The Story Emerges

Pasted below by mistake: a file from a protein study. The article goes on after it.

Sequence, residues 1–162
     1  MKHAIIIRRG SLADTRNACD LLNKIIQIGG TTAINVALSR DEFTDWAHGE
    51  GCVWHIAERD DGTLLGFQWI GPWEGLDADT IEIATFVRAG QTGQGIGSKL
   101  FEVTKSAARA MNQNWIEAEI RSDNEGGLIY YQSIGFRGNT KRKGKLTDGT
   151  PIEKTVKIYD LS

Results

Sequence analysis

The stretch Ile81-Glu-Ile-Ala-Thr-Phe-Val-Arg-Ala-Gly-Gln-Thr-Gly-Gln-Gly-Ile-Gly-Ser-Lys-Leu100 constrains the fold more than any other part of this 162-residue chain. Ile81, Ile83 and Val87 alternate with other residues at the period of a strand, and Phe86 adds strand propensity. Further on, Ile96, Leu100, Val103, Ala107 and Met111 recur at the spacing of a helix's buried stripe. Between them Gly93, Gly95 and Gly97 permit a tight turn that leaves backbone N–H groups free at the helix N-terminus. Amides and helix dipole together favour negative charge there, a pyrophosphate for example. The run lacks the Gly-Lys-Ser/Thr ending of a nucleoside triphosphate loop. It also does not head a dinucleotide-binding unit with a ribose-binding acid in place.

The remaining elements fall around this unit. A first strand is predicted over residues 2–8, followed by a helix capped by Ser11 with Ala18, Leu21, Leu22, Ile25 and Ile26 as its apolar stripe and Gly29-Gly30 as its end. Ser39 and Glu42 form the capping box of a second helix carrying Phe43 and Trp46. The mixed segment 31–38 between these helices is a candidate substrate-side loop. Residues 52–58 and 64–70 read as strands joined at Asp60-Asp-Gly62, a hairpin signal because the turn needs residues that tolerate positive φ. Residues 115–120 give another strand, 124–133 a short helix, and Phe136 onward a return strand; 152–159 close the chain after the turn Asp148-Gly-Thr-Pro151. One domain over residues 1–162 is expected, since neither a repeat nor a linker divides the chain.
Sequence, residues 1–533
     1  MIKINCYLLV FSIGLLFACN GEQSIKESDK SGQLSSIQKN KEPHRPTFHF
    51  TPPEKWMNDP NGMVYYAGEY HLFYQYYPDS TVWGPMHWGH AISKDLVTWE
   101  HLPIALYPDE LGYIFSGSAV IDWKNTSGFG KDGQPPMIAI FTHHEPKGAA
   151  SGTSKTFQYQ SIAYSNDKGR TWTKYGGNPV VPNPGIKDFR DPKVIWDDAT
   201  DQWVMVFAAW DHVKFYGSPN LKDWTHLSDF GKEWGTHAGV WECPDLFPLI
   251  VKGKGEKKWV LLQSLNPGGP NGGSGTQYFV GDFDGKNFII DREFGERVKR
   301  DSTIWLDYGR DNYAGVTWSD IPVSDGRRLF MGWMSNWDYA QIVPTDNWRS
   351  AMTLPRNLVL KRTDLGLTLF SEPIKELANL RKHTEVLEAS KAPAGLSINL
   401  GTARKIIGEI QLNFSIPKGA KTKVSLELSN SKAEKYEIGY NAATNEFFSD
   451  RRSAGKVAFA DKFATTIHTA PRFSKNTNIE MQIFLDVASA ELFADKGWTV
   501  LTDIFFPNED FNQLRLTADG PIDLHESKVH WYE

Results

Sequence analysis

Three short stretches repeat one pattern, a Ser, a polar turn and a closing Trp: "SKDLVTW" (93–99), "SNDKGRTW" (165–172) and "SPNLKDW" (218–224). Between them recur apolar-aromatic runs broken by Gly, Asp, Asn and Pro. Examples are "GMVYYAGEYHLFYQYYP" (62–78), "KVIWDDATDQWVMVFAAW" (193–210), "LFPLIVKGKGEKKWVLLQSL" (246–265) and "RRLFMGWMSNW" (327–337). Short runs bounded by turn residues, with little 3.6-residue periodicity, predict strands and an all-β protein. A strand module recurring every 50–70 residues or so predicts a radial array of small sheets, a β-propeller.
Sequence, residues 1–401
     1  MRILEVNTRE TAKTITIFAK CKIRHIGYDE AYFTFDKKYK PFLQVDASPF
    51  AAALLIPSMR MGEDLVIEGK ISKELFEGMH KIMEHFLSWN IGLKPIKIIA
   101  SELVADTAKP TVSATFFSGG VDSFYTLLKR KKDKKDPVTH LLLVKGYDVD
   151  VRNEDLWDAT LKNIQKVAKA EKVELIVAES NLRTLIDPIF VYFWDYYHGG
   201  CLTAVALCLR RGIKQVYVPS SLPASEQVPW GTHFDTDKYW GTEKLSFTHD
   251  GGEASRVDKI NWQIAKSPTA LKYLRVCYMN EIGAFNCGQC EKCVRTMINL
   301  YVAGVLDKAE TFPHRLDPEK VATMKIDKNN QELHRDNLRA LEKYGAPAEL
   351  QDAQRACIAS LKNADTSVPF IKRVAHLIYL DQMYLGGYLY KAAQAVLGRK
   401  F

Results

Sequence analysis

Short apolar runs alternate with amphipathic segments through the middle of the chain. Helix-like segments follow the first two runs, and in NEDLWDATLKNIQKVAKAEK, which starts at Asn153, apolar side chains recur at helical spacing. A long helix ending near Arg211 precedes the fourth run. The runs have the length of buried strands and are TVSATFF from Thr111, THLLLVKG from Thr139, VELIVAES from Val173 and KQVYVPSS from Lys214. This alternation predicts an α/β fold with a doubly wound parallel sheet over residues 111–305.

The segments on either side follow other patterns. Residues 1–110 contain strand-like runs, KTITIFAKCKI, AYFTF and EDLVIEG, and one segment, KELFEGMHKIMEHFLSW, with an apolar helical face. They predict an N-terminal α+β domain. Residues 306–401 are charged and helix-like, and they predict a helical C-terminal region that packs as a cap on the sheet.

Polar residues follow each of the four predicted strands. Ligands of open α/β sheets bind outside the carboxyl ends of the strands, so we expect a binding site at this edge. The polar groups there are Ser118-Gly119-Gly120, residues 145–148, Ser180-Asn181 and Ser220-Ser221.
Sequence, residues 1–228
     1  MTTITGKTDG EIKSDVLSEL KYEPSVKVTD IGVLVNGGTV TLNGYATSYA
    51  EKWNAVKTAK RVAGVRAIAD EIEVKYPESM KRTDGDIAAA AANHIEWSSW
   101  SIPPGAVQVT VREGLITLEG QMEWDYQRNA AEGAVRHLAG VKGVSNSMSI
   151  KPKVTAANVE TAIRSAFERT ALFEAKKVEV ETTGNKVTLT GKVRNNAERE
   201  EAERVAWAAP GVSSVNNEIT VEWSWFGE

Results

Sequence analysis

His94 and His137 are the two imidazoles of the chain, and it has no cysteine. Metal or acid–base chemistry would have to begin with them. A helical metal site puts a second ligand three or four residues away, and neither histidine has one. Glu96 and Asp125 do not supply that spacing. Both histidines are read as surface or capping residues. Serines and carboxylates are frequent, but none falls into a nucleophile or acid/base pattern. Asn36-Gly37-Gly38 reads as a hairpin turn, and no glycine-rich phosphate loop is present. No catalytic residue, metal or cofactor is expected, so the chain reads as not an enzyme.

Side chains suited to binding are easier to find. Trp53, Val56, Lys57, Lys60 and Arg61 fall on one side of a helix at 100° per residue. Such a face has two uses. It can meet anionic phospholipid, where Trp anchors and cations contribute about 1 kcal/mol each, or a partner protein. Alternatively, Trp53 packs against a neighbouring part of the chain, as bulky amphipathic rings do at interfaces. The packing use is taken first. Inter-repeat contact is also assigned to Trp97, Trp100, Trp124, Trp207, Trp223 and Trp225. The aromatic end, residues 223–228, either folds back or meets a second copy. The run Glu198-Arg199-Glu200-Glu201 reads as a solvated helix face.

The Industrial Revolution, which began in the 18th-19th centuries in Great Britain, was a major turning point in the history of mankind. With the building of factories and growth in industrial plants, the hitherto unknown problem of air pollution emerged. Heavy pollution afflicted such main industrial centers as Manchester, Liverpool and Birmingham. At the same time, color changes were recorded in various plants and animals around these cities.